But there's a problem with that, too. Christians are divided into two major camps, Catholics and Protestants. The latter broke from the former, and they really don't share a lot in common when it comes to how they practice their beliefs. Again, I don't know the percentages, but I'm guessing that Protestants outnumber Catholics by at least 2 to 1, so we'll let the Protestants win this round and declare ourselves a Protestant nation. (And I'm being generous here. By the time we take this subset of a subset of a subset, Protestants probably aren't in the majority; they still hold a plurality, however, so we'll put them in charge.)

Ah, but there are still more differences to take into account. There are many different Protestant variations -- which subset should we default to? Do we turn ourselves into a Lutheran nation, or a Presbyterian nation, or a Methodist nation, or a Baptist nation, or what? To say they practice the same religion and worship the same God is simply not true; the details of each denomination are significantly different, and they hold widely disparate beliefs on numerous important issues. We have to pick one denomination over all the others -- but which one?

And here we have the crux of the issue. By the time we choose the one true religion to guide us, those religious beliefs end up being held by a very small minority of the population. Let's say we pick Baptist as our national denomination (assuming that we get all the Baptist variations to play nice together, which they don't always). The percentage of Americans who are practicing Baptists is somewhere south of 10% -- and all of a sudden we're not talking about majority rule, indeed we have rule by a small minority. And minority rule is not what America or any other democracy is about.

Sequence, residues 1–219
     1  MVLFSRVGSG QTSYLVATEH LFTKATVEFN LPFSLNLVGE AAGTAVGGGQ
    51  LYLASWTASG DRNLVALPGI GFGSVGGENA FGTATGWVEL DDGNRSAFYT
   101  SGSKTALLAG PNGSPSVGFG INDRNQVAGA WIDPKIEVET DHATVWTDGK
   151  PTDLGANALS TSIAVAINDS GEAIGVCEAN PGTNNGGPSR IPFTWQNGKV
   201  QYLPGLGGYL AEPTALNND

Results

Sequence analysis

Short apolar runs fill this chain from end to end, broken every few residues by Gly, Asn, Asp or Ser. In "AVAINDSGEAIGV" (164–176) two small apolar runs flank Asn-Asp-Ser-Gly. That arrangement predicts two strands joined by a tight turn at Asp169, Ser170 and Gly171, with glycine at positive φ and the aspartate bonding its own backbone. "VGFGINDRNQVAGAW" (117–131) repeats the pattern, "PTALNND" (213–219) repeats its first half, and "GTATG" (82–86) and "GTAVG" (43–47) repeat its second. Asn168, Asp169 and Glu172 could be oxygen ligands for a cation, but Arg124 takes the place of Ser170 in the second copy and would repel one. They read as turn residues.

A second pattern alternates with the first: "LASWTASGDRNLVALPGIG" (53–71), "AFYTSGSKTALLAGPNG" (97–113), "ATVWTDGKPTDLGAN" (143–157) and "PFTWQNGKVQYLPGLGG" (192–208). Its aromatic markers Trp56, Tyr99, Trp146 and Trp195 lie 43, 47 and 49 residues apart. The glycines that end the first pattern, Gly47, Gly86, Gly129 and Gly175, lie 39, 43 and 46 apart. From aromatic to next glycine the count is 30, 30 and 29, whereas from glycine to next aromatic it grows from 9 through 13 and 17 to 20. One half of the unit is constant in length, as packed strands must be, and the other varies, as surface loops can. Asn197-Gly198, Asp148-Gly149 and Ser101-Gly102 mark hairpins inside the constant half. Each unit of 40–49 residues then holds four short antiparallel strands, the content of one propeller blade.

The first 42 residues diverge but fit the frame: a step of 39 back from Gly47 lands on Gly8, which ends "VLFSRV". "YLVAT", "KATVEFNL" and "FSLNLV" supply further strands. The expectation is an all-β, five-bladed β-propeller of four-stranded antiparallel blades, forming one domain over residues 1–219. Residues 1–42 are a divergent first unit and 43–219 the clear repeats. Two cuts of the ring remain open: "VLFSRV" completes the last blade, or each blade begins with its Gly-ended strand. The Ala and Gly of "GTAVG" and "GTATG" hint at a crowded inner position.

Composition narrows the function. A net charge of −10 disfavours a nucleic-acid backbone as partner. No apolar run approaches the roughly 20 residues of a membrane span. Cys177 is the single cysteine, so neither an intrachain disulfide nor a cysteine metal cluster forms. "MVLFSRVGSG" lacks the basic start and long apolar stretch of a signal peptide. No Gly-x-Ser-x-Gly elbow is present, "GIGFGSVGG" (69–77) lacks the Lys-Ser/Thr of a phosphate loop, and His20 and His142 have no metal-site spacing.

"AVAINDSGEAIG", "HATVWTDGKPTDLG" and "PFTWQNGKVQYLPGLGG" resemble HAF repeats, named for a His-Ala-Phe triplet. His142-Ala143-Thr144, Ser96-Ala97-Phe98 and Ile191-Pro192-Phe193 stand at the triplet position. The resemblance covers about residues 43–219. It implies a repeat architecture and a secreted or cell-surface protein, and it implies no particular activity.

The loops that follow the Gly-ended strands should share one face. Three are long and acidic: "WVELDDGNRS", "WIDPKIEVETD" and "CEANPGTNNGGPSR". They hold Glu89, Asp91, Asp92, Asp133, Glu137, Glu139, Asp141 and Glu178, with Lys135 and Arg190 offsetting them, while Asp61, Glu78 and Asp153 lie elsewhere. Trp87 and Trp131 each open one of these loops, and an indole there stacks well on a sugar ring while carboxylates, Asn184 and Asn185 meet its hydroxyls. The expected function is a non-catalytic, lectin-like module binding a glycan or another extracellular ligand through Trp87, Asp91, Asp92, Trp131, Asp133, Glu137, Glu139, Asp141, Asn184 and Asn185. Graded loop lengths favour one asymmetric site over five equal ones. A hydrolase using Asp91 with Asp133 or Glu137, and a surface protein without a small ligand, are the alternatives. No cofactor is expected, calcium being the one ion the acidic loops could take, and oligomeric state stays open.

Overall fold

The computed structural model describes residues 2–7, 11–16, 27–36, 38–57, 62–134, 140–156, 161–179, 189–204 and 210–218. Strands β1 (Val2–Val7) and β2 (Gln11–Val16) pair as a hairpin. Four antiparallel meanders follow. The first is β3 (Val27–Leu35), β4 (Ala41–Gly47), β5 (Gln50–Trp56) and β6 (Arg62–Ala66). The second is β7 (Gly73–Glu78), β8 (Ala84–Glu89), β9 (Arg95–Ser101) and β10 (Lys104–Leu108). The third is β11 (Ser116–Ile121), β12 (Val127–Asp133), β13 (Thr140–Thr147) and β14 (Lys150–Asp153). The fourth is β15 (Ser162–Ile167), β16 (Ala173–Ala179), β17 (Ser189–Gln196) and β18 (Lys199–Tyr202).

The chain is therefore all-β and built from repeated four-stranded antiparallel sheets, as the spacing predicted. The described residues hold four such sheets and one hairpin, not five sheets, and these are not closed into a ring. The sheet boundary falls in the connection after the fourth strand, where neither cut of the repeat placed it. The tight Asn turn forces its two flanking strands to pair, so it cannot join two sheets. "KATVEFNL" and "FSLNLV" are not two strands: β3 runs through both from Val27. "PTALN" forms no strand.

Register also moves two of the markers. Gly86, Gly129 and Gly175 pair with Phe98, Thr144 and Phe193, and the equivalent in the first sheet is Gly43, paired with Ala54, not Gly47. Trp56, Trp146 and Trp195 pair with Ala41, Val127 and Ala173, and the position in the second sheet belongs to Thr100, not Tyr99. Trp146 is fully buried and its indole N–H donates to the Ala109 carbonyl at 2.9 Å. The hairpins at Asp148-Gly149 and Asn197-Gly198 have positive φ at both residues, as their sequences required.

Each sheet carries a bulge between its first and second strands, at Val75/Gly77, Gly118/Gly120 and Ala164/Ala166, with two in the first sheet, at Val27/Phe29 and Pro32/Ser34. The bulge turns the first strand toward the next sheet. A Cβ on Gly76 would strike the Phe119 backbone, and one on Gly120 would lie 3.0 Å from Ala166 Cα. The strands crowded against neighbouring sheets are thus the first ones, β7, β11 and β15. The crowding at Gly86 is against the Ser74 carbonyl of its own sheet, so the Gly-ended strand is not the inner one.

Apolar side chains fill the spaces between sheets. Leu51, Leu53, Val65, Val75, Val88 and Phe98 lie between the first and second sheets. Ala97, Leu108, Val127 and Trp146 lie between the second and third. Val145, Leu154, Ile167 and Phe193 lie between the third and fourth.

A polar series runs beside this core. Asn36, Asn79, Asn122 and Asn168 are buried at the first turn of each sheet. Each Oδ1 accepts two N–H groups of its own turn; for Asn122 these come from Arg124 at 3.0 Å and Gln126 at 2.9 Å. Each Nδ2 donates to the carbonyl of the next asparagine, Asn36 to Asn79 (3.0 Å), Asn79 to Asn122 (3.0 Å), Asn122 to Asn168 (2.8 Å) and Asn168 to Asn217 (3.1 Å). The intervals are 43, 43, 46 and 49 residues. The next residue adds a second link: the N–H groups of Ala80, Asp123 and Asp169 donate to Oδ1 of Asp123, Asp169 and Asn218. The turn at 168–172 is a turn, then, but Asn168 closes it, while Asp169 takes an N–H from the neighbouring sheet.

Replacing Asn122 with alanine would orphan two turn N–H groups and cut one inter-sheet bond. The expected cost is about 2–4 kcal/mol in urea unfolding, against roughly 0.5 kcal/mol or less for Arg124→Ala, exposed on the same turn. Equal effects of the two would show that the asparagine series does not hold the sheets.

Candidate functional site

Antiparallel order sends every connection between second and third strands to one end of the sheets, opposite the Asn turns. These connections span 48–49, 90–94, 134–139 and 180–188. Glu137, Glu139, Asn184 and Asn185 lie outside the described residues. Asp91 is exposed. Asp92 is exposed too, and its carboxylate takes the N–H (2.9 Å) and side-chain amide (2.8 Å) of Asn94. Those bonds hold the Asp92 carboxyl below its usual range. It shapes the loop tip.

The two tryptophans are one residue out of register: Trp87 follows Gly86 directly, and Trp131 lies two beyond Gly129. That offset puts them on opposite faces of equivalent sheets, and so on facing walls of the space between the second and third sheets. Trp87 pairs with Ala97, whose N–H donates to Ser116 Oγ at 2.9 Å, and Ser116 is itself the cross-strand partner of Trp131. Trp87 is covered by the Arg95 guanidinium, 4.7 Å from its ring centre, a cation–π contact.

You see, we shouldn't confuse minority rights with minority rule. Any given minority, religious or otherwise, is entitled to certain basic rights. You have the right to believe what you want to believe, and to say what you want to say, and to behave like you want to behave -- as long as your words and actions don't infringe on the right of anyone else to believe, speak, or act as they want. That means that you don't have the right to impose your beliefs on others; the minority cannot dictate how the majority acts, speaks, or believes.